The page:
Yesterday we published Part 1 of this Briefing – an analysis of the latest DWP statistics on sanctions produced by David Webster of the University of Glasgow. Here we publish Part 2, a view on sanctions from a claimant’s perspective.
The JSA Regime – A Claimant’s View
The statement below was given to her Jobcentre adviser in May 2015 by a Scottish JSA claimant, a former local councillor with two degrees, a post-graduate certificate in IT and many years’ work experience. She was unemployed as a result of being made redundant in August 2011. She sent the statement to me following a BBC Radio Scotland programme ‘Good Morning Scotland’ on 25 August 2015 in which I pointed out that the job-seeking requirements of the Department for Work and Pensions (DWP) frequently obstruct claimants’ own efforts. Her experience bears out this point, and a number of others, perfectly. The statement is reproduced here with her kind permission.
Why I am signing off
After three years and nine months I still do not have a job but am signing off today. I hope this paper will be read by somebody senior as useful feedback from a client. Ideally it would go to the policymakers, but I don’t hold out much hope for that.
My reasons for signing off despite not having a job are as follows:
- I now have 35 qualifying years for the full state pension
- concerns for my health and mental state
- to improve my chances of finding work.
Firstly, the state pension. Because of my husband’s income I do not qualify for means-tested benefits but have had to jump through all the same hoops simply to get my NI credits. Quite frankly, I have had enough. This is in no way to find fault with the regular staff at the Job Centre, who have been as helpful and sensitive as they can, having to administer a régime whose aim is all too obviously not to find suitable work for its clients but rather to get them off the register and reduce the number of claimants. This is evident from the fact that my signing off will be counted as positive an outcome as finding a job would have been, as would having gone to prison, emigrated, reached retirement age or died. I should say that I am grateful to (Jobcentre adviser) for encouraging me to pursue missing NI credits from 20 years ago, which has enabled me to reach 35 years and so prepare my escape from jobseeking.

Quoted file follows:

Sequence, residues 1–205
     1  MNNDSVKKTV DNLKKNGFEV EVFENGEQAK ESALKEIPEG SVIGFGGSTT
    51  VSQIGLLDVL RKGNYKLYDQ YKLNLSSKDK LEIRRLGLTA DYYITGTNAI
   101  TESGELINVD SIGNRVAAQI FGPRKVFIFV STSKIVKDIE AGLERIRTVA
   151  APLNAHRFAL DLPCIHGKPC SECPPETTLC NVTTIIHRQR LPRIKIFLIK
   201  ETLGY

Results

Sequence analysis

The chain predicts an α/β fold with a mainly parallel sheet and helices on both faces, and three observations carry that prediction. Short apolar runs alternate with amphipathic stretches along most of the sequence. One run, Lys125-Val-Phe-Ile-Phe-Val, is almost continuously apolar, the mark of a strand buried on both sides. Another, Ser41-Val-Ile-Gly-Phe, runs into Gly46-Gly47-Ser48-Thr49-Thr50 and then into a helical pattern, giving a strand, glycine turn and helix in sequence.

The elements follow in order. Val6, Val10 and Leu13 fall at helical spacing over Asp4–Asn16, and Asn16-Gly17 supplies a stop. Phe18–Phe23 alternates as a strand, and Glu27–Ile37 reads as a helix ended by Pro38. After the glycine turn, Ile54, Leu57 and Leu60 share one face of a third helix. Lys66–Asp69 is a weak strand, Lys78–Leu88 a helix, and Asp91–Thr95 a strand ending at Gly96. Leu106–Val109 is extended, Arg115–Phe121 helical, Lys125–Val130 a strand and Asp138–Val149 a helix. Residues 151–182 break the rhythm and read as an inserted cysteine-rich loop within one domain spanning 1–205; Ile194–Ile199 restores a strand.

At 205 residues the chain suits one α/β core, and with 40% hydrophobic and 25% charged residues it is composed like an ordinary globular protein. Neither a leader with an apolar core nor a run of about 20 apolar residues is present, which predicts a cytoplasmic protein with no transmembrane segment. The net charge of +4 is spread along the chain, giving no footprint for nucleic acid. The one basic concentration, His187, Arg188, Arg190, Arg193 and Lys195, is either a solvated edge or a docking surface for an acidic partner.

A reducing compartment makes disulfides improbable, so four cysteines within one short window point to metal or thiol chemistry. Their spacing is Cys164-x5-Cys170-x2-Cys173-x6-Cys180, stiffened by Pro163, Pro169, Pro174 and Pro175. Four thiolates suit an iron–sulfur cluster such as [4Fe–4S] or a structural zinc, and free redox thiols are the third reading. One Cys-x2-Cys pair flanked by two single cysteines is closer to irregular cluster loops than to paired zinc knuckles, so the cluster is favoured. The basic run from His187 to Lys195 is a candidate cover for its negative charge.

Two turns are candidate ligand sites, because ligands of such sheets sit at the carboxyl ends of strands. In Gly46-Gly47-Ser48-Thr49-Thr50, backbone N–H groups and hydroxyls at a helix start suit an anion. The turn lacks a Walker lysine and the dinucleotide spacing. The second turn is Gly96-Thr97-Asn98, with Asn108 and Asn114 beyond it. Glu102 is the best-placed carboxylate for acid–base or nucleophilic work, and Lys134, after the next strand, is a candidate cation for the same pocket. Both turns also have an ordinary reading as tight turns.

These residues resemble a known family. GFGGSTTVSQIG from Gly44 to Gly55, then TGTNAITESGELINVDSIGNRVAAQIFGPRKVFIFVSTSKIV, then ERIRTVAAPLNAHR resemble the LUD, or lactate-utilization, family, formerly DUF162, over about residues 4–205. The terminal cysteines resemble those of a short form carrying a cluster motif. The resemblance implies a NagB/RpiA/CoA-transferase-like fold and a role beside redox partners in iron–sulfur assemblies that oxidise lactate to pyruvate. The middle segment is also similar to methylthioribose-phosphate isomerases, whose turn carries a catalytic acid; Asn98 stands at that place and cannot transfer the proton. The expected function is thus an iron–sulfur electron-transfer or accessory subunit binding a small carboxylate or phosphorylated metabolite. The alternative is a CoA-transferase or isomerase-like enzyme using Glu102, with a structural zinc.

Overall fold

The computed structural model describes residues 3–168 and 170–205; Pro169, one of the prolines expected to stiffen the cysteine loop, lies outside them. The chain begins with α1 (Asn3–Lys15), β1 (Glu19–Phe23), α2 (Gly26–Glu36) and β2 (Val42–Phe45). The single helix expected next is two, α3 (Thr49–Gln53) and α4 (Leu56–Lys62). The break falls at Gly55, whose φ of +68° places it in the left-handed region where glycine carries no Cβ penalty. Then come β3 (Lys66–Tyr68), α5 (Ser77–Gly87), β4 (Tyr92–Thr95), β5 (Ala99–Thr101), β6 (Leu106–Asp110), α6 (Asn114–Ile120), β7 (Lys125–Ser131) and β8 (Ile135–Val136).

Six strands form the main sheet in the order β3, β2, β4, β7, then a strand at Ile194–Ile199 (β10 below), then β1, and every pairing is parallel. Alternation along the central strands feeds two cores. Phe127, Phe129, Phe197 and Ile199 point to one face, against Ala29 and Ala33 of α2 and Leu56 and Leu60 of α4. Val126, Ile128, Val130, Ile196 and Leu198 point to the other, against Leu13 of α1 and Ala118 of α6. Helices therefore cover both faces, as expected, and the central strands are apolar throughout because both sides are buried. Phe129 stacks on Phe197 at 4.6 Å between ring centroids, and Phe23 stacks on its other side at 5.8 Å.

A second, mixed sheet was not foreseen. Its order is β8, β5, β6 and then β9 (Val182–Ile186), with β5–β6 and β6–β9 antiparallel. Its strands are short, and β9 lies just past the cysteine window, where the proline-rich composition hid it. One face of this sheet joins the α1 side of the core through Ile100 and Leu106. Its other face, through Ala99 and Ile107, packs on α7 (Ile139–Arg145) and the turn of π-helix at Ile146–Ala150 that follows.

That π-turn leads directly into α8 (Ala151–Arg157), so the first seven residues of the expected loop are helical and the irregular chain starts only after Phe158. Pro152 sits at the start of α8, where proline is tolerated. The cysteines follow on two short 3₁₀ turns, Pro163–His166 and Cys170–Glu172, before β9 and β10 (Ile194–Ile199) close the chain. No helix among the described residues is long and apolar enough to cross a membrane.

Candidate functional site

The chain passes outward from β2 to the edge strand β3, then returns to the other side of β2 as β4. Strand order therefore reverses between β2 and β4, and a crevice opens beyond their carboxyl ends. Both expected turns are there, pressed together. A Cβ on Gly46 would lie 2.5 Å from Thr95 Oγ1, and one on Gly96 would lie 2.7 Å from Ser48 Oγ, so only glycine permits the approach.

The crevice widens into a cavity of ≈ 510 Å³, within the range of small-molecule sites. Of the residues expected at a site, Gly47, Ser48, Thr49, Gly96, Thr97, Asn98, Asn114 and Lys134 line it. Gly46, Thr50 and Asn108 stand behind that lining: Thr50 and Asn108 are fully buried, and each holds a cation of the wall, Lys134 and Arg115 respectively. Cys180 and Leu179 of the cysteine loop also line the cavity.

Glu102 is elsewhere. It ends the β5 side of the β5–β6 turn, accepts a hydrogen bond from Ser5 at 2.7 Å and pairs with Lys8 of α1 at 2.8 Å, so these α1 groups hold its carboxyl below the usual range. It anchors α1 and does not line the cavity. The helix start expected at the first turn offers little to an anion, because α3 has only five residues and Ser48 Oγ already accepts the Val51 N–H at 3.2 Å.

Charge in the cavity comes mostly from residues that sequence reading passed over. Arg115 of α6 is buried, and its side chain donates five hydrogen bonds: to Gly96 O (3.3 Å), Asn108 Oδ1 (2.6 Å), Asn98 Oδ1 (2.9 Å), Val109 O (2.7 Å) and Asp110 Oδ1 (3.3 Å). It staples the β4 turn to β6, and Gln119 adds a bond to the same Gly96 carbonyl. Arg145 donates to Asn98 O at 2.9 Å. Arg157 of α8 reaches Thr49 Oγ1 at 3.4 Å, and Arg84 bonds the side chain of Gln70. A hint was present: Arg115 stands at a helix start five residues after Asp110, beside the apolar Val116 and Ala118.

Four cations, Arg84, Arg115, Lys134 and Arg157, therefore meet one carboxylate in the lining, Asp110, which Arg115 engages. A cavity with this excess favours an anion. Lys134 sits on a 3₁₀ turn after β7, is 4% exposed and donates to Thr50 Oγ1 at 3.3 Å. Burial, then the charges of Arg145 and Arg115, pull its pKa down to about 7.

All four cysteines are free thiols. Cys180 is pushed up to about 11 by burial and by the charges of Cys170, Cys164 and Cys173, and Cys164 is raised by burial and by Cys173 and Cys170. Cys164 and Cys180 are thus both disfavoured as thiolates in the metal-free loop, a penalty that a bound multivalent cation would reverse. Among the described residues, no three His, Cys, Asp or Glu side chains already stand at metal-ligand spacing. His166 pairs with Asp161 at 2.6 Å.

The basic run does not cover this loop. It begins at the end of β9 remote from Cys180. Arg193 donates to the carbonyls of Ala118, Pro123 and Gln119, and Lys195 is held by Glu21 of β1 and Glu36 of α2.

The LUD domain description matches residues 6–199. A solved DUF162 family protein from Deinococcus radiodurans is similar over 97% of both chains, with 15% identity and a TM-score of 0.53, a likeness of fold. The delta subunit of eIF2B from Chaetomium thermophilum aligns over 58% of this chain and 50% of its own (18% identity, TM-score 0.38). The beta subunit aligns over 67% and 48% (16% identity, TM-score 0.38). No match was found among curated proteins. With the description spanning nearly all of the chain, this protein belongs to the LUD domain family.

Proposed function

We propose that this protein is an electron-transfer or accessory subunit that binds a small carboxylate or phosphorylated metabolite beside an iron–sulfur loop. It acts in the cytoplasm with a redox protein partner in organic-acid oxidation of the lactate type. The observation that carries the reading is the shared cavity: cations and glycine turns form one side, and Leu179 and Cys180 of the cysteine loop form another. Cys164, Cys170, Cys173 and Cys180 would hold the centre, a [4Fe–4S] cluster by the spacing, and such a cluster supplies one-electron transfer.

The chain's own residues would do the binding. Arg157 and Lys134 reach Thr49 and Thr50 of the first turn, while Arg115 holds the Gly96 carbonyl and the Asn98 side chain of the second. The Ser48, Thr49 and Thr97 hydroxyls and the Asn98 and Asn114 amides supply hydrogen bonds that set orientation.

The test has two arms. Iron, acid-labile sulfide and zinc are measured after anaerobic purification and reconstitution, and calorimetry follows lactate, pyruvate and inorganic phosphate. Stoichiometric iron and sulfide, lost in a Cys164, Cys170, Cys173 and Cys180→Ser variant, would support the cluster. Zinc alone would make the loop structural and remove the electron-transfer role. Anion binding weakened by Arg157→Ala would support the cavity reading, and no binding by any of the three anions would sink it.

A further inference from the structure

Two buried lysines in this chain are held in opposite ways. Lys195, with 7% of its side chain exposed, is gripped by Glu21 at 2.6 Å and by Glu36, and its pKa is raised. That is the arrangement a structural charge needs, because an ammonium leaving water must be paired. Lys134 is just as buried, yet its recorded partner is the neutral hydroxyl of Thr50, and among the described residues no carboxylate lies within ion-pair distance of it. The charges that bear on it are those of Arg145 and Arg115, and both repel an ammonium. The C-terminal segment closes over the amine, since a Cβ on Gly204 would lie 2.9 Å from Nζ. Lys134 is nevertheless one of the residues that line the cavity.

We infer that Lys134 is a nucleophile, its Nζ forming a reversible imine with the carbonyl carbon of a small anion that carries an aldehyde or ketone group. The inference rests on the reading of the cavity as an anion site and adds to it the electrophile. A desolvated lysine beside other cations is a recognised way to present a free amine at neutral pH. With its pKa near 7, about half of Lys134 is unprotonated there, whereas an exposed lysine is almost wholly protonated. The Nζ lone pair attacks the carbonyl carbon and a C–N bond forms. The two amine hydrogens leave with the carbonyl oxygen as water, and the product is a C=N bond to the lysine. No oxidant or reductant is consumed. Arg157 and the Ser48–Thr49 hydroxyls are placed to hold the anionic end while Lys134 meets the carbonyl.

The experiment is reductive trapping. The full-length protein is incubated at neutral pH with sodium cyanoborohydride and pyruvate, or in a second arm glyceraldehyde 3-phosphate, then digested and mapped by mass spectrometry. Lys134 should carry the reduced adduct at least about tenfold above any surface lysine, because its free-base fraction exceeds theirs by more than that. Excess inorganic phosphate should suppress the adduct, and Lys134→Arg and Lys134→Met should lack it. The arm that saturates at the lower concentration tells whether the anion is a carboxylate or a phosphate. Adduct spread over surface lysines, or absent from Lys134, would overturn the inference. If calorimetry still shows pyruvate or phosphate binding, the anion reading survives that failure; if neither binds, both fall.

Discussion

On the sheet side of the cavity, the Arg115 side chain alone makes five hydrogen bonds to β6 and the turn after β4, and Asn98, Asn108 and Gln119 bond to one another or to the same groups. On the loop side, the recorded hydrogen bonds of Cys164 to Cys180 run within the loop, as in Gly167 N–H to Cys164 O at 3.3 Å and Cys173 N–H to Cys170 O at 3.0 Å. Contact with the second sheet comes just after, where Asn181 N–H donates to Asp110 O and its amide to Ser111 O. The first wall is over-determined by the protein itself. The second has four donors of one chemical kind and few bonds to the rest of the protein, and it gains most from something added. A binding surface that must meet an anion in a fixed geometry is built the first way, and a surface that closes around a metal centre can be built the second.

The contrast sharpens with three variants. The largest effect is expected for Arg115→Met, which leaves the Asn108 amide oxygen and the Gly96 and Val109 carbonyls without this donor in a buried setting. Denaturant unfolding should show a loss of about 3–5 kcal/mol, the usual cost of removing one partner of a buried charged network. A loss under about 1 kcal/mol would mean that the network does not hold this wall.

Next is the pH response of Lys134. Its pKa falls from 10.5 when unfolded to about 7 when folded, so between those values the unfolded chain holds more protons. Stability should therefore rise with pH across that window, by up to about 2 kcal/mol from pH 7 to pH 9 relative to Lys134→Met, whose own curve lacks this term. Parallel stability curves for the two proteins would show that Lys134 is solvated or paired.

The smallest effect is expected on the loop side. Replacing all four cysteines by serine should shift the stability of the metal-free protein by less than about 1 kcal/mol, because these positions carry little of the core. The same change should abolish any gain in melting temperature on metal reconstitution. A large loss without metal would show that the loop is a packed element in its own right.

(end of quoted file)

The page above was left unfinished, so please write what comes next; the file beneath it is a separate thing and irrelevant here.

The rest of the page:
Secondly, my health and mental state. Since becoming a jobseeker, I have suffered from 3 conditions associated with stress: eczema, which I never had before, shingles, for the second time, which is apparently unusual, and breast cancer, which fortunately was nipped in the bud by a mastectomy. Although I cannot prove it, I believe the stress incurred by having to keep making futile applications, and prove that I was running ragged trying to find work, was a factor in these illnesses; indeed I believe there is research in progress investigating this very phenomenon. Mentally, I may have seemed fine, cheerfully bouncing in to sign on every fortnight, but back home it was a different matter, where I had some very low periods, exacerbated by the knocks I was taking from each rejection, and the negative portrayals of the unemployed, such as the epithets of ‘scrounger’ and ‘shirker’, in the media and by certain politicians. And my confidence has plummeted; there is no way I could consider self-employment at this stage, for example.
Thirdly, to improve my chances of finding work. The sensible way to find work is to focus one’s efforts, concentrating on making one or two really good applications for posts in which one is particularly interested. However, that won’t do for the DWP. The emphasis is on activity, filling up time however ineffectively, such that a half a dozen mediocre applications are preferred to putting the same effort into one outstanding one. Clearly, this is not a recipe for success; it is not surprising that a recent study found that long-term unemployed people going through the Work Programme, as I have, actually reduced their chances of finding work.
I have found it very difficult to concentrate on applications, always having to think about the next application, and to bear in mind that I must keep checking Universal JobMatch (useless), and the various alerts, and other websites, and note them all down to prove I have been really trying to find work. It is almost as though this frantic, unproductive activity is especially to appease the Daily Mail readers, who are convinced that all jobseekers sit around watching TV and living the life of Riley. I have made 118 applications, 117 of which have been unsuccessful and I don’t hold out much hope for the 118th. One of the problems with making applications willy-nilly is that every rejection, even for a job one wasn’t that keen on, hurts and knocks one’s confidence. Mine is at rock bottom so escaping from job-seeking can only help raise it again and improve my chances.